Research News

The Cosmos as a Colloid

Physics 16, 42
A new methodology for analyzing the 3D distribution of galaxies borrows techniques from the study of colloids and other disordered materials.
P. Volker Springel/Max Planck Institute for Astrophysics
The distribution of dark matter in the Universe at the present epoch as derived from the Millennium Simulation.

Scheduled for launch this summer, the European Space Agency’s Euclid space observatory seeks to elucidate the expansion of the Universe and the formation of galaxies, clusters of galaxies, and larger structures. To meet that goal, Euclid’s instruments will determine the 3D positions of millions of cosmic bodies. Fully exploiting that bounty of information will take more than prodigious computing resources. New methods will be needed that distill astrophysical and cosmological insights from the observations. With that aim in mind, Salvatore Torquato of Princeton University and Oliver Philcox of Columbia University have developed a novel methodology for analyzing cosmic structures that draws from techniques used in disordered materials [1].

While Torquato works in statistical mechanics and soft condensed matter, Philcox is a cosmologist. The pair began their collaboration in the autumn of 2021, when Torquato heard a talk on galaxy distributions that Philcox gave at the Institute for Advanced Study in Princeton, New Jersey. The talk roused Torquato’s curiosity. He wondered if the theoretical and computational ideas he had developed for disordered heterogeneous materials might be profitably applied to characterize the structure and topology of galaxy distributions.

Observational cosmology makes use of many statistical tools such as the two-point correlation function. This parameter quantifies by how much the probability of finding a pair of galaxies separated by a given distance exceeds that expected for a uniform, random distribution of galaxies. Torquato and Philcox introduced additional statistical methods and concepts that are new to cosmology and complement the two-point correlation function. Among them are hyperuniformity and pair-connectedness functions.

To evaluate the usefulness of their approach, the duo avoided testing it with real data—such as those coming from the Sloan Digital Sky Survey or from other observational surveys—because such data come with systematic biases that complicate the analysis. Instead, they turned to Quijote—a suite of 45,000 N-body simulations that are freely available to cosmologists for training and testing machine-learning algorithms. The particular Quijote simulations used by Torquato and Philcox tracked the formation of 105 dark matter halos to the present day inside a cube whose sides measured 3 billion light years. Since dark matter is over 5 times more abundant than baryonic matter, and galaxies form in dark matter halos, the evolution of cosmic structure on the largest scales down to single galaxies can be approximated by modeling just dark matter.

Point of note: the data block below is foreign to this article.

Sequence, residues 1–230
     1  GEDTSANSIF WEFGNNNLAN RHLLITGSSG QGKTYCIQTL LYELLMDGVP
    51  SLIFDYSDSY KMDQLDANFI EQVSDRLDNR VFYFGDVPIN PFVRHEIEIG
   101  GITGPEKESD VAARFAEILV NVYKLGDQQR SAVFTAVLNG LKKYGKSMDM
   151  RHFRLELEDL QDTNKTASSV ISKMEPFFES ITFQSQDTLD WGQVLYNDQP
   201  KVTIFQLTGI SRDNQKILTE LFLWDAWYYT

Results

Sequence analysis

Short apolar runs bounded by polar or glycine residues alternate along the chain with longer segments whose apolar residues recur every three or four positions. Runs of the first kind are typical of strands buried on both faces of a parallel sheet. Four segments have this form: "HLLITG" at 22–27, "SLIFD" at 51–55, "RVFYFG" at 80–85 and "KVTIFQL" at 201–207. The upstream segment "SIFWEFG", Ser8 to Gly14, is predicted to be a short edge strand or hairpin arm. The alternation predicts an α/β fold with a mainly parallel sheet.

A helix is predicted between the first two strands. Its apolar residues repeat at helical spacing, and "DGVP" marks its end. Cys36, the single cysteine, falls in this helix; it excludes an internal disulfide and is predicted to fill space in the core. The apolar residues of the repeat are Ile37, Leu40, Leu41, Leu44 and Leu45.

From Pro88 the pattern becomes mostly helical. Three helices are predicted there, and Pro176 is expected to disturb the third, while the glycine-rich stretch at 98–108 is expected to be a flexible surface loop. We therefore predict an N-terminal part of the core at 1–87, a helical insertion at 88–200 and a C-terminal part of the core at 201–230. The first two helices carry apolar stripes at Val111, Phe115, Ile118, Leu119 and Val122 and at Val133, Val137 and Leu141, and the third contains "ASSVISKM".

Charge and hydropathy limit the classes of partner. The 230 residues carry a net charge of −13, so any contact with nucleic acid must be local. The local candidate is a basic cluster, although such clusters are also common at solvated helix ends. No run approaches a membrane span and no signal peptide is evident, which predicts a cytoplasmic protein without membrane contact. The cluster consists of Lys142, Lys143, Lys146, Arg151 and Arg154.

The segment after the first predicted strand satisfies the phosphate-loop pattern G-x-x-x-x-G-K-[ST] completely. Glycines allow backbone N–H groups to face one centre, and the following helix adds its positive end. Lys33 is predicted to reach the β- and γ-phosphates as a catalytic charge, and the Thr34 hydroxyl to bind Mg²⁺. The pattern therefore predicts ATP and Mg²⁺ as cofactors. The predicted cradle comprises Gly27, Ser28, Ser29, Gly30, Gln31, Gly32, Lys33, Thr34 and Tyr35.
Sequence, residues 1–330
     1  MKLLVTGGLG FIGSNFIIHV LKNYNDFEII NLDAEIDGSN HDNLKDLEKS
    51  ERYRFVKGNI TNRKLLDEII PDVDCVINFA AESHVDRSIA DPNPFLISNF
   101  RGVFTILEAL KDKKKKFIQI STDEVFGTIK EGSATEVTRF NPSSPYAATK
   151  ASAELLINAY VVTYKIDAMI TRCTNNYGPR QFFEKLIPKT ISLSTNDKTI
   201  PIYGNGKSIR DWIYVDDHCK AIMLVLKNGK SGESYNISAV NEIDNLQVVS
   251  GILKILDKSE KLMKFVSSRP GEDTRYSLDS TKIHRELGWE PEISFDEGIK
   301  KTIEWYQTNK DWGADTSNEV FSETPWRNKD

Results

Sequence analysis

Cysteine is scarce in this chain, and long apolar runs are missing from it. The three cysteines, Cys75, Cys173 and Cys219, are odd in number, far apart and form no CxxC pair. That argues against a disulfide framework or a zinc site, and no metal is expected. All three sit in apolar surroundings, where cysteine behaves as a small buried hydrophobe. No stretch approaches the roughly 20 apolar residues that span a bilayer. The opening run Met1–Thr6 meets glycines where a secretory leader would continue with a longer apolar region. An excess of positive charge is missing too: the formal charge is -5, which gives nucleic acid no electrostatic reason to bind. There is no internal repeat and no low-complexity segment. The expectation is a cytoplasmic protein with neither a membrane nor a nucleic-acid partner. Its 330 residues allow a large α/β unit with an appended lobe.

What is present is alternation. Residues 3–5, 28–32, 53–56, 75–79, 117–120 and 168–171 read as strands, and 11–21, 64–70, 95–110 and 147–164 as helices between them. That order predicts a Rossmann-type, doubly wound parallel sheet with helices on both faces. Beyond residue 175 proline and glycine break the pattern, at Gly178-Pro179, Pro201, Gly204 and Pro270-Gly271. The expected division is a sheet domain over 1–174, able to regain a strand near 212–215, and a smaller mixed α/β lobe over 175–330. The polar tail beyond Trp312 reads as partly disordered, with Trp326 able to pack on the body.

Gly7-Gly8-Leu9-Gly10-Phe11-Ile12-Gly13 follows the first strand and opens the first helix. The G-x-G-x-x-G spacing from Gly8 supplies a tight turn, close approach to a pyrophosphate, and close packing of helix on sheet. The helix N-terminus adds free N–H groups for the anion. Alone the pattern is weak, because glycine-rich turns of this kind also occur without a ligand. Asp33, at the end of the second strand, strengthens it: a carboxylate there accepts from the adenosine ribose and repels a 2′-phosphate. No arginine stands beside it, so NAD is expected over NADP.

At scales between 10 and 100 million light years, galaxies congregate in a network of filaments that snake between voids. The assemblage looks like a foam of soap bubbles—that is, a disordered medium. On larger scales, the Universe becomes uniform and isotropic. Torquato and Philcox characterized that transition from a lumpy to a uniform medium, which astronomers call the “End of Greatness,” with one of the statistics in their methodology, hyperuniformity. The duo showed that hyperuniformity provides a unified description of cosmological structures across length scales, capturing both the large-scale uniformity and the small-scale heterogeneity. The finding opens the prospect of using galaxy surveys to investigate the origin of that structural transition, which is related to primordial density fluctuations imprinted on the Universe during cosmic inflation.

On smaller scales, astronomers face the challenge of efficiently extracting from surveys the most important features of how galaxies group together. This extraction is often done with the two-point correlation function, which is computationally straightforward, but misses some details. The three-point correlation function, on the other hand, is more sensitive to small-scale details, but its computation is extremely demanding. Torquato and Philcox found that one of their statistics, the pair-connectedness function, captured as much detail as the three-point correlation function while easing the computational cost.

Matteo Biagetti of the International School for Advanced Studies (SISSA) in Italy is developing an approach called persistent homology. Similar in spirit to that of Torquato and Philcox, it identifies topological features in discrete sets of points. “These are exciting times for observational cosmology,” he says. The findings by Torquato and Philcox give a strong indication that researchers should devote time and energy to further developing new statistical methods for efficiently analyzing the wealth of data that observations will deliver, says Biagetti.

–Charles Day

Charles Day is a Senior Editor for Physics Magazine.


  1. O. H. E. Philcox and S. Torquato, “Disordered heterogeneous Universe: Galaxy distribution and clustering across length scales,” Phys. Rev. X 13, 011038 (2023).

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